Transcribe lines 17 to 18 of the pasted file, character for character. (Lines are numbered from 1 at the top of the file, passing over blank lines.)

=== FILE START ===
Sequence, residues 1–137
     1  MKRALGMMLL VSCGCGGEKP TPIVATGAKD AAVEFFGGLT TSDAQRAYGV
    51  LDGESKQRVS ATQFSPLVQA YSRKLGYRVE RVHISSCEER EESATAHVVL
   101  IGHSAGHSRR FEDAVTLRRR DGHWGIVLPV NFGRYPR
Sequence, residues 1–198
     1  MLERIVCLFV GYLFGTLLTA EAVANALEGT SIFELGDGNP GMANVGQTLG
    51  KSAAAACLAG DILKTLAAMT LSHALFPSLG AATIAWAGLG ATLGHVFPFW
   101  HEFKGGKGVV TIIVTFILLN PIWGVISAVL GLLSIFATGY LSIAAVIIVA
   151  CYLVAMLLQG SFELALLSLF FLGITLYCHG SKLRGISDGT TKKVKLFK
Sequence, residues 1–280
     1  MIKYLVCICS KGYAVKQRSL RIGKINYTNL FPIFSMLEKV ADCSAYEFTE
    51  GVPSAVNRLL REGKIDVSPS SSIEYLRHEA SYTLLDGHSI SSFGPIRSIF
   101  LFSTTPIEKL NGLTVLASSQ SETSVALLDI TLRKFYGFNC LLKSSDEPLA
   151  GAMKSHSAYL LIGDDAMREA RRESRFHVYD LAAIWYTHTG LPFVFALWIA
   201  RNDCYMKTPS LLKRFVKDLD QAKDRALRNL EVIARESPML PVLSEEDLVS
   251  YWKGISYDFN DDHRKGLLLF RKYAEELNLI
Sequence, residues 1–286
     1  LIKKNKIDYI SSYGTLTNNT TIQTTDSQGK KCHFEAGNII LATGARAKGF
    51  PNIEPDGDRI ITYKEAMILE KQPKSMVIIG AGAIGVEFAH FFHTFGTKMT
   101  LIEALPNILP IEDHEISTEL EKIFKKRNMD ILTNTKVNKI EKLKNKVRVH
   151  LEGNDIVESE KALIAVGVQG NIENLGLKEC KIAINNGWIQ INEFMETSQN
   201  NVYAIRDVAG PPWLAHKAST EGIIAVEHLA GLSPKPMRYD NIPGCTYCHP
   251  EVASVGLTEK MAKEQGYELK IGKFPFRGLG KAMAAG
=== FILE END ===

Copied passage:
Sequence, residues 1–286
     1  LIKKNKIDYI SSYGTLTNNT TIQTTDSQGK KCHFEAGNII LATGARAKGF